The large investments made in venture capital funds over the last decades resulted from a change in institutional investors' estimation of the returns and risks involved in venture capital. As a result, more resources were directed to this field.
The returns demonstrated by the venture capital industry are characterized by considerable volatility. As described previously in this chapter, the most conspicuous phenomenon in the history of the fund industry is the inverse relation between the funds' returns and the amount of money invested in them. Periods characterized by a relative shortage of capital for funds, and hence to companies, are also characterized by the highest returns. Empirical evidence points to a positive connection between the pace of investments in the field and the value of companies in the investment rounds, and hence reduced returns over time.
The IRR of venture capital funds greatly depends on the year in which the funds were established. For instance, funds established in the years 1981 1984 earned single-digit returns. Until the mid-1990s, the average return on funds which had operated for at least four years was around 14% per year, with the median fund yielding about 8% only. The prosperity in the capital market in the late 1990s, until the 2000 crisis, inflated the annual returns on funds to unprecedented dimensions. In 1999, the average return on funds was approximately 160%, but the crisis sweeping the capital market now considerably reduced the funds' cumulative returns. In the absence of stock-exchange exit alternatives, funds are concentrating on seeking mergers and acquisitions for their portfolio companies. However, as mentioned in other chapters, many companies which used to buy smaller companies suffered sharp declines in their stock prices and therefore face difficulties when contemplating acquisitions in consideration for shares or cash.
Over the years, venture capital funds have demonstrated returns which appear to be considerably higher than the returns required by investors in investments carrying a similar risk. Generally, the return demonstrated by large and experienced funds is higher than the average return in the private equity industry by about 10% per year.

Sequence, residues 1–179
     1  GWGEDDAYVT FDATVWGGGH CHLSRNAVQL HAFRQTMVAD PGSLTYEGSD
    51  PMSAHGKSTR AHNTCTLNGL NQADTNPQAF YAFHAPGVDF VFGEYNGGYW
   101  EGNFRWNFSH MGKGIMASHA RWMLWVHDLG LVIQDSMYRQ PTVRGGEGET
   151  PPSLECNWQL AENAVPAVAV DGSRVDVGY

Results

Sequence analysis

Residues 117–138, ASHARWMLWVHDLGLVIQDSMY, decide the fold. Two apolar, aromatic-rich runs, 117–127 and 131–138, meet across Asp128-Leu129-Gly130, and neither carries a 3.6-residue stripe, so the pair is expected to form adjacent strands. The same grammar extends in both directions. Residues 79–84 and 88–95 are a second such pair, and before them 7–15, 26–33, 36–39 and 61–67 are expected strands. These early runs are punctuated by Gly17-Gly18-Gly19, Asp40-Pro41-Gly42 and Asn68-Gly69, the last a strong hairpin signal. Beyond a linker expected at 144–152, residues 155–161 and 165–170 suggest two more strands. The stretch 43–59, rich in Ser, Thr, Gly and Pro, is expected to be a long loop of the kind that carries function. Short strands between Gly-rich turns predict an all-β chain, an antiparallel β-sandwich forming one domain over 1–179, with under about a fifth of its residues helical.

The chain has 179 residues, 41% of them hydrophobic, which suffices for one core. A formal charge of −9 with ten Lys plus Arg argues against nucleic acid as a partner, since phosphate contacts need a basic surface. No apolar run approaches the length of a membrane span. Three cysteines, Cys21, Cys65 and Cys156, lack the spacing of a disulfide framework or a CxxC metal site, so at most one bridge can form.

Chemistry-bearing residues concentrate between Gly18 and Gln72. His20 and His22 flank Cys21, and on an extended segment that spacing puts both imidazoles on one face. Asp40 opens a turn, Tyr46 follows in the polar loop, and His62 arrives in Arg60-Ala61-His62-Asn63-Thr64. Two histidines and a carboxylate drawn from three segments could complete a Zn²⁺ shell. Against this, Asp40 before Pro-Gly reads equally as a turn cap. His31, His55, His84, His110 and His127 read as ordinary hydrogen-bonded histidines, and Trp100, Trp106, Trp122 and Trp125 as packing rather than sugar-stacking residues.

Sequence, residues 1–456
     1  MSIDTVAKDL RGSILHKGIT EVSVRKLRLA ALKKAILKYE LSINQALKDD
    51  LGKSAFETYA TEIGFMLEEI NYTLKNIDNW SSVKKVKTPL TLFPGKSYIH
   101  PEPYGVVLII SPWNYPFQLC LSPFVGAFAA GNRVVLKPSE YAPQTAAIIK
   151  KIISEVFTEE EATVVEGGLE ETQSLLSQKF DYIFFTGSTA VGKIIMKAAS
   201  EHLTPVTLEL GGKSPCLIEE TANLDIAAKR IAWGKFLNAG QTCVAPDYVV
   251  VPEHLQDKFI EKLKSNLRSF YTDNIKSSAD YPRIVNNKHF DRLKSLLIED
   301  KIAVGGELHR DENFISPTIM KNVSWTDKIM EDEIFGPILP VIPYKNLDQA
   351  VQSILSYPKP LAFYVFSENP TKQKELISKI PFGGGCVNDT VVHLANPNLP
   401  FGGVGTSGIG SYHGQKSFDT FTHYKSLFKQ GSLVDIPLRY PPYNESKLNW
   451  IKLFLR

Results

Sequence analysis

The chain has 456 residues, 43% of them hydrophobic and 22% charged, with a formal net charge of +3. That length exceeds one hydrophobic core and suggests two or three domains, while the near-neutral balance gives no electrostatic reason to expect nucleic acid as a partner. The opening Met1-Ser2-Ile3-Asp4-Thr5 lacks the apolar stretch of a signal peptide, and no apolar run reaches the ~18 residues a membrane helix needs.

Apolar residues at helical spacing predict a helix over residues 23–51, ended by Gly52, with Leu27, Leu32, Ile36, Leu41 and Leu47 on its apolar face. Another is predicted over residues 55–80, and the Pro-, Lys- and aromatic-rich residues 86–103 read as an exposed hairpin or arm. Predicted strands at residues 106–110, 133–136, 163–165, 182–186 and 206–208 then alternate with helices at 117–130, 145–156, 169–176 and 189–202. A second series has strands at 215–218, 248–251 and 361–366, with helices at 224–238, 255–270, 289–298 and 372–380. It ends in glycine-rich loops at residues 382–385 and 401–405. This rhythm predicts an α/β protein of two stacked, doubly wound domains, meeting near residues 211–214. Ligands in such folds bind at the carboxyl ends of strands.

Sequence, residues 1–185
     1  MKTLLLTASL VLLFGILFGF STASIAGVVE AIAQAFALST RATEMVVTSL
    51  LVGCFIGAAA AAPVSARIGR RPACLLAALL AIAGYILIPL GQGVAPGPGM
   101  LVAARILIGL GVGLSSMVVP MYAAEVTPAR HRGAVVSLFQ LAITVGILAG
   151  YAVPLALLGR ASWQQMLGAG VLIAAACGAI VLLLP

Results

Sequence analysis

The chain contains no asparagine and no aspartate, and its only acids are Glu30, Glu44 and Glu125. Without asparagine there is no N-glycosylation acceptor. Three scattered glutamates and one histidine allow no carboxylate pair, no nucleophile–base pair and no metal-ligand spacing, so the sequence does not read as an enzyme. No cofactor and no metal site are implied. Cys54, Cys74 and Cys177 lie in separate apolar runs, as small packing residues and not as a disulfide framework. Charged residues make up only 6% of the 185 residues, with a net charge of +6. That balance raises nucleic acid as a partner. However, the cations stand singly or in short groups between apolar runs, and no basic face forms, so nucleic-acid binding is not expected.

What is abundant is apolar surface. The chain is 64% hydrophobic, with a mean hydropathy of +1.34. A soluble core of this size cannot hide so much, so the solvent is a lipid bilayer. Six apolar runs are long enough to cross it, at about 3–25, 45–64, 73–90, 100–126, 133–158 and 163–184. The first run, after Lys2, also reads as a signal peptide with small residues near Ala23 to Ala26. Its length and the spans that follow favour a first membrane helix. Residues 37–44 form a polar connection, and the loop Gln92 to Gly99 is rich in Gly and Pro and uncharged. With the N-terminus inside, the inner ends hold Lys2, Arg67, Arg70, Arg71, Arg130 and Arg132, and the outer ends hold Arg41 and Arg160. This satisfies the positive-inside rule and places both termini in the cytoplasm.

Funds specializing in mezzanine-loan investments demonstrate substantially lower returns, since their investments are a blend between investments in short-term debentures and a certain equity component. The risk in an investment in debt is considerably lower than that entailed by an investment in equity, and therefore any return above 10% per year is considered good. However, it should be noted that these funds tend to suffer in times of crisis in the stock exchange, because they usually make the investment in the company shortly before the IPO, and when the IPO is postponed or cancelled, the risk profile of the company in which they invested deteriorates (or changes), and they become investors in a company which has a different risk profile from the one in which they invested.
The industry as a whole is going through one of its more difficult times in recent decades, as the opportunities for IPOs or mergers of portfolio companies have significantly been reduced. For example, during the first quarter of 2002, only four IPOs in the United States were VC-backed, raising a total of less than $400 million, compared with around $500 million in the first quarter of 2001 and over $7 billion in 2000.
Similarly, there was a significant decline in the magnitude of acquisitions of VC-backed ventures. During the first quarter of 2002, such activities constituted less than $2 billion, compared with around $5 billion in the same period in 2001, and over $7 billion in 2000. It is not clear if this decline pattern will continue, but at the current level of activity, the industry is at a shakedown, which is expected to bring the long-term returns in the industry back to their historical averages.